The farm grows around 200ha of wheat, 55ha of winter oilseed rape, 20ha of beans and 20ha of canary seed. Their most challenging growing seasons ever forced a re-think last year with 20ha of barley being introduced when crops failed.

An on-farm modern crop storage building with an automatic temperature control system holds 2,000 tonnes of wheat, allowing grain to be kept at optimum quality until it is sold; a percentage is forward-sold on the futures markets up to two and a half years before it is harvested whilst oilseed is sold on a harvest pool for immediate movement to support cashflow and storage pressure.

The arable land is managed in six different blocks to allow one of the blocks to be rented out for growing potatoes on a six-year rotation to a local farmer.

All crops are drilled using variable seed rates to get good even plant establishment.

It allows various zones within fields to be managed differently, simplifying agronomy and day-to-day crop husbandry.

Despite it sometimes being described as prescription farming, variable seed rate technology creates flexibility within the system, says Jason.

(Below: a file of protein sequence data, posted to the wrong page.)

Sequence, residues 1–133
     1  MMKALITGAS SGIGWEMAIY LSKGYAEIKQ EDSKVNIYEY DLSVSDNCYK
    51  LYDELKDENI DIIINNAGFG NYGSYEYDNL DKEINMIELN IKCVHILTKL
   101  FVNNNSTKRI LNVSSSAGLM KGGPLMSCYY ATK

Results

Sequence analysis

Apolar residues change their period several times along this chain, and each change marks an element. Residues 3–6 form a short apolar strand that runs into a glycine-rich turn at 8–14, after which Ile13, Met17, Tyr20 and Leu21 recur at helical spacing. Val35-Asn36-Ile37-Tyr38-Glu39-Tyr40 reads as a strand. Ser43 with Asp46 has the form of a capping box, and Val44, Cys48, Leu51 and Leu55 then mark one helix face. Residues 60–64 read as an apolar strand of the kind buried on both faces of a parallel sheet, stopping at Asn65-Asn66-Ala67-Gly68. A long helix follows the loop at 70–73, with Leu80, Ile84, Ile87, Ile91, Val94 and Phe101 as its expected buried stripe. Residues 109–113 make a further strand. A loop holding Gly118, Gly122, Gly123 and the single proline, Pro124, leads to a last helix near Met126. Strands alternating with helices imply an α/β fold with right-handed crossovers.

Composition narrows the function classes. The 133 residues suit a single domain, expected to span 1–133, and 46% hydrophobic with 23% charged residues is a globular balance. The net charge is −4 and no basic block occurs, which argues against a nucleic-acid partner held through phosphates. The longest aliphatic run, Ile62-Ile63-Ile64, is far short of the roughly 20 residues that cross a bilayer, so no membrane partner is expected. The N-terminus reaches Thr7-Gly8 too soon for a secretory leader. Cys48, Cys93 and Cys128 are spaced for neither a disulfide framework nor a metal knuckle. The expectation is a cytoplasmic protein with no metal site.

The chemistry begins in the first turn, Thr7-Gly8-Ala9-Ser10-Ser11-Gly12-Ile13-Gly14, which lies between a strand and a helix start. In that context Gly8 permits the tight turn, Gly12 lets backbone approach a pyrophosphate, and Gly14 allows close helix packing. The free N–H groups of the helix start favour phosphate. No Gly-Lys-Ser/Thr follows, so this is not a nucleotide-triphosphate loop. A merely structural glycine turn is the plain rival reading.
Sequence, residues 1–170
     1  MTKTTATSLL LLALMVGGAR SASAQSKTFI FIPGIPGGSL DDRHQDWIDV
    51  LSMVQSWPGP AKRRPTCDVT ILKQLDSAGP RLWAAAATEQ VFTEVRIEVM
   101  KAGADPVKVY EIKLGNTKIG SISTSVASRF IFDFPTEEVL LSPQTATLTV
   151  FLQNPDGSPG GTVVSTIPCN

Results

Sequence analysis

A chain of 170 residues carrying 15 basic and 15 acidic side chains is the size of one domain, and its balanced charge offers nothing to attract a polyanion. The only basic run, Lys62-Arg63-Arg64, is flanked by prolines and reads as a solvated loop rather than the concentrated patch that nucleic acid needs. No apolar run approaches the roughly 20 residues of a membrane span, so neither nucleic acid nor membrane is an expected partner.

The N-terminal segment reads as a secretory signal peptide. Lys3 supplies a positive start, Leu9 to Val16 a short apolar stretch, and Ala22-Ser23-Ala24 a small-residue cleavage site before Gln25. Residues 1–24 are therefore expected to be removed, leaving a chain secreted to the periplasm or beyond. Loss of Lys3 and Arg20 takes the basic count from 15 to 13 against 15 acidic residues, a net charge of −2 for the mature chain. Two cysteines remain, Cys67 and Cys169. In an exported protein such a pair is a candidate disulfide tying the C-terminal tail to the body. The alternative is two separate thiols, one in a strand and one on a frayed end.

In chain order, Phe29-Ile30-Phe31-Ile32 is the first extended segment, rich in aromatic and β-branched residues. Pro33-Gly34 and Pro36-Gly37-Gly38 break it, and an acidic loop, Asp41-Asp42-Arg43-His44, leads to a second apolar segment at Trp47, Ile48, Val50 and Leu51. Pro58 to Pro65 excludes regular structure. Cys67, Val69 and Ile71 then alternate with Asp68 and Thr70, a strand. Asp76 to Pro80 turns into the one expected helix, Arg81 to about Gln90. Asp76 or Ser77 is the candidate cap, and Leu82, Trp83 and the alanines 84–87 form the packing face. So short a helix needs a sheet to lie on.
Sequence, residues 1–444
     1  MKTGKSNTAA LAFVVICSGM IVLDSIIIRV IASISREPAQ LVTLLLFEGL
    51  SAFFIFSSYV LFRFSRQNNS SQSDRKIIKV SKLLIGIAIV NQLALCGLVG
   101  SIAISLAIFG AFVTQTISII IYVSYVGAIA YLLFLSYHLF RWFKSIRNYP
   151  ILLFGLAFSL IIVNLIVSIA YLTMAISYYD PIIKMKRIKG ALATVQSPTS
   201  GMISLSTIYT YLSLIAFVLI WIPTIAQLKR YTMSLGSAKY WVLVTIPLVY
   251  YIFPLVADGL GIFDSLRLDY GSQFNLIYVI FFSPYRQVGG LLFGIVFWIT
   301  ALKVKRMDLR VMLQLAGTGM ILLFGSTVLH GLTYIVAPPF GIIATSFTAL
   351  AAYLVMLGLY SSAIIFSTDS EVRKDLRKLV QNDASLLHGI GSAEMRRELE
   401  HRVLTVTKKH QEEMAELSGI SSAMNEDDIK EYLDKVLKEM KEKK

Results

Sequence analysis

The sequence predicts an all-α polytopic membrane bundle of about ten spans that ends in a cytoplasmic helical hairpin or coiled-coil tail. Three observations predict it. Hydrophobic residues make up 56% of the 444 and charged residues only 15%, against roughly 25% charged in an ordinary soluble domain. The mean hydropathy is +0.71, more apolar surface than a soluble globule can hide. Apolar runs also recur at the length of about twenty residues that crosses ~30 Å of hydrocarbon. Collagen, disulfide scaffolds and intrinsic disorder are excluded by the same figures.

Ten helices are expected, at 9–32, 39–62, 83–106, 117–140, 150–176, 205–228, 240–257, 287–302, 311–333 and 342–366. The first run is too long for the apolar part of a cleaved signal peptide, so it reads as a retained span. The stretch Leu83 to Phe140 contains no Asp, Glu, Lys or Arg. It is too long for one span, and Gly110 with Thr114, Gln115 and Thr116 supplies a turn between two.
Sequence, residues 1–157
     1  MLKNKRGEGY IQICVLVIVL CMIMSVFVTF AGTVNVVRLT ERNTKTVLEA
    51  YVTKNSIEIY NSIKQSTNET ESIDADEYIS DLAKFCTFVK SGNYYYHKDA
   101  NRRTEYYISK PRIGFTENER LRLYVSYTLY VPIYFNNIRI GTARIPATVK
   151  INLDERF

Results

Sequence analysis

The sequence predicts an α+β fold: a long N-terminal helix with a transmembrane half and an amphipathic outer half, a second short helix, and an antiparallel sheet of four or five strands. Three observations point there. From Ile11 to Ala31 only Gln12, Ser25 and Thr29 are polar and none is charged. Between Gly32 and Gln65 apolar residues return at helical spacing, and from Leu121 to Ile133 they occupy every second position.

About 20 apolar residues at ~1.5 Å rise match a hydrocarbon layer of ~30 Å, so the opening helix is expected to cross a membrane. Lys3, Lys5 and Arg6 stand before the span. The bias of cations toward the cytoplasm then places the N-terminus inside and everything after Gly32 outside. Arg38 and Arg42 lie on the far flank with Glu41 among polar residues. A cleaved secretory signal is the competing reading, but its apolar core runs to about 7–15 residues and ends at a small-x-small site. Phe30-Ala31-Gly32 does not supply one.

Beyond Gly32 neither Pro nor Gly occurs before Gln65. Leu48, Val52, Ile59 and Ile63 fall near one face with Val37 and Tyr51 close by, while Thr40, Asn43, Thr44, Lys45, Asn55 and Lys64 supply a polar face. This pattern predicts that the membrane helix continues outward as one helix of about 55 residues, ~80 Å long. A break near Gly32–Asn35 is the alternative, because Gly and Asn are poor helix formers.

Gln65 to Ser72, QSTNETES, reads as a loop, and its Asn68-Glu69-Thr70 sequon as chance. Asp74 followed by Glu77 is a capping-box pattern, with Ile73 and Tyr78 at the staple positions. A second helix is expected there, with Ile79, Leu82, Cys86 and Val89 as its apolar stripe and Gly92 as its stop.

“We can increase the seed rate in areas where we know we get poorer establishment, like the headlands and cliff edges, which means we get a more even crop and higher yields in areas that had previously low yield.”

The greatest immediate challenge to the business is the loss of plant protection products, in particular the withdrawal last year of a fungicide that protects wheat from septoria as the farm is geographically vulnerable to this disease.

To counter the disease threat, yet more scrutiny will be given to the resistance scores of the seed varieties used, says Jason, who sits on the NFU Cymru Crops Group.

jason, emma, rebecca and ros_79908

“As farmers we need to continually adapt, some of the cultivation methods we are employing are helping but one of the reasons we are not going down the no-till route is the threat of the loss of active ingredients.”

Insecticides are only applied when they are needed and slug traps are used to monitor populations allowing pellets to be applied on an informed basis.

The legacy of the Farmland Woodland Premium Scheme is evident across the farm with thousands of trees growing on less productive areas and steeper land.

Jim and Christine took advantage of the scheme in the 1990s, planting 25,000 broadleaved and coniferous trees. Also, 1,000 metres of hedges and six irrigation ponds have been created, which greatly benefits the local environment.

The family’s passion for farming and the countryside has filtered down through the generations with enthusiastic helpers in Jason and Rosalyn’s daughters, 12-year-old Rebecca, and Emma-Rose, 8.